Cells were washed and scraped in ice-cold PBS, followed by their solubilization in RIPA buffer (1% NP-40, 0.5% deoxycholate, 0.1% SDS, 150 mM NaCl, 50 mM Tris-HCl, pH 8.0) in the presence of 1 mM phenylmethylsulfonyl fluoride and complete protease inhibitors for 30 min at 4°C. After centrifugation (10 min, 16,000 × g), the protein concentration in the supernatant was determined using a BSA protein assay (Thermo Fisher Scientific). Three independent protein preparations were prepared. Proteins (25 μg) were separated by SDS-PAGE (7.5%) and transferred to a PVDF membrane (pore size 0.45-μm, Merck-Millipore). Membranes were incubated at 4°C overnight in blocking buffer (PBS containing 5% low fat milk powder and 0.3% Tween 20) and then probed with a given primary Ab (S1 Table). Antigen-Ab complexes were detected using the appropriate HRP-conjugated secondary Ab and visualized with enhanced chemiluminescence developing reagents (GE Healthcare Life Sciences). Membranes were generally exposed for 1–10 min to Hyperfilm (GE Healthcare Life Sciences), and quantified after scanning using ImageJ software.
Cell surface labeling.
Cell surface labeling was performed as described previously . Briefly, cells grown on polyornithine/fibronectin-coated glass coverslips were washed with PBS followed by ice-cold Ca/Mg-PBS, blocked in immunofluorescence buffer (Ca/Mg-PBS containing 0.2% gelatin) for 10 min and then incubated with primary Abs (S1 Table) diluted in the same buffer for 30 min at 4°C. As negative control, the primary Ab was omitted. Unbound antibodies were removed by five washes with ice-cold immunofluorescence buffer. Fixative, 4% paraformaldehyde (PFA) in PBS, was added at 4°C and coverslips were placed for 30 min at room temperature. The fixative was removed by three washes with PBS, and the residual PFA was quenched with 50 mM NH4Cl for 10 min. Cells were then incubated with Cy3-conjugated anti-mouse or anti-rabbit secondary Ab for 30 min at room temperature. After washing in PBS, nuclei were counterstained with 4'-6-diamidino-2-phenylindole (DAPI; Sigma-Aldrich), coverslips were rinsed sequentially with PBS and distilled water and mounted in Mowiol 4–88 containing the anti-fading agent 1,4-diazobicyclo-[2.2.2]-octane (DABCO) (Merck-Millipore). Samples were examined using a BX61 Olympus microscope equipped with an Olympus DP71 digital camera, and the images were prepared using Adobe Photoshop and Illustrator software.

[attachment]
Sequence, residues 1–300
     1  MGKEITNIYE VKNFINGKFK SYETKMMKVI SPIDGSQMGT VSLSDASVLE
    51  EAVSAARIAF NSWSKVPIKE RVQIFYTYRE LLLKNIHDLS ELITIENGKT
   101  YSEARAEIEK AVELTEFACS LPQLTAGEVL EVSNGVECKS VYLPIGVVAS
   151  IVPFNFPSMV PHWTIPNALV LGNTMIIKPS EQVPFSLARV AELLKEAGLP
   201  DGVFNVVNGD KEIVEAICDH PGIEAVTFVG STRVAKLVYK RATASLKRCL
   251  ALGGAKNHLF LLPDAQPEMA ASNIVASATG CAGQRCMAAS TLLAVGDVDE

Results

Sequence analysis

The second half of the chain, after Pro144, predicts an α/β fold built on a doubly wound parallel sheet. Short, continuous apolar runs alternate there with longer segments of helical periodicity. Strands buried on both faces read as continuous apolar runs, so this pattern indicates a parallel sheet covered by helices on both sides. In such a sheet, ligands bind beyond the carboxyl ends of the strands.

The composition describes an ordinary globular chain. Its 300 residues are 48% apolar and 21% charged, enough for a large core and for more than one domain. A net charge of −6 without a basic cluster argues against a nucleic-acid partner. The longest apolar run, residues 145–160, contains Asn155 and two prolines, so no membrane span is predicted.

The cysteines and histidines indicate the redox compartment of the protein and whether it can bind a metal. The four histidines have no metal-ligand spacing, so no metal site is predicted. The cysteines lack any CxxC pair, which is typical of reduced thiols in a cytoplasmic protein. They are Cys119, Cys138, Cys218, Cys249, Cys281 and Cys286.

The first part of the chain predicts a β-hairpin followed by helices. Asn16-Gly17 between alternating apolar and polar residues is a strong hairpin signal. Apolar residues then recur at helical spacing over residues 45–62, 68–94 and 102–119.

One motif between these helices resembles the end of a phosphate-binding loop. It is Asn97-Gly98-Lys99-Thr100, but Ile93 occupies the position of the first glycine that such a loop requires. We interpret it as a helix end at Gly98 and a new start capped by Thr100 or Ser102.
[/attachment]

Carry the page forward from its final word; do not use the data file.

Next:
Cells grown on glass coverslips were washed three times in PBS and fixed with 4% PFA in PBS for 30 min at room temperature. After thorough washing with PBS, residual PFA was quenched with 50 mM NH4Cl for 10 min. Samples were incubated in blocking buffer with 0.2% gelatine and 0.2% saponin for 20 min at room temperature and then incubated without (negative control) or with anti-N-cadherin Ab (see S1 Table) directed against an intracellular epitope, for 30 min at room temperature. Afterward, labeled cells were processed as described above.
DPSCs were harvested either by trypsin/EDTA treatment for 4 min at 37°C or by scraping (in the case of uPAR/CD87 and MFGM detection). After inactivation of trypsin and centrifugation (5 min at 300 × g), cells were resuspended in PBS containing 1% bovine serum albumin and 100 μl-cell suspension aliquots were incubated with either PE-conjugated or unconjugated primary Abs (see S1 Table) for 30 min at 4°C. In the latter case, incubation with species-specific PE-conjugated secondary Ab was performed. After washing with PBS, 10,000 (or 30,000 in the case of scraped cells) events were acquired on an LSRII flow cytometer (BD Biosciences). Instrument settings and gating strategies were established using the appropriate isotype Ab control or secondary Ab alone. Data were analyzed using FlowJo software (TreeStar, Ashland, USA). Median fluorescence intensity (MFI) was calculated as a difference of MFI values obtained from stained and negative control (i.e. with isotype primary Ab or secondary Ab alone) cell populations.
To evaluate the proteomic composition of different dental pulp stem cell (DPSC) samples and the differences between them, we first set out to establish a comprehensive label-free mass spectrometric platform based on the most accurate mass spectrometric parameters.
Dynamic range of basic mass spectrometric parameters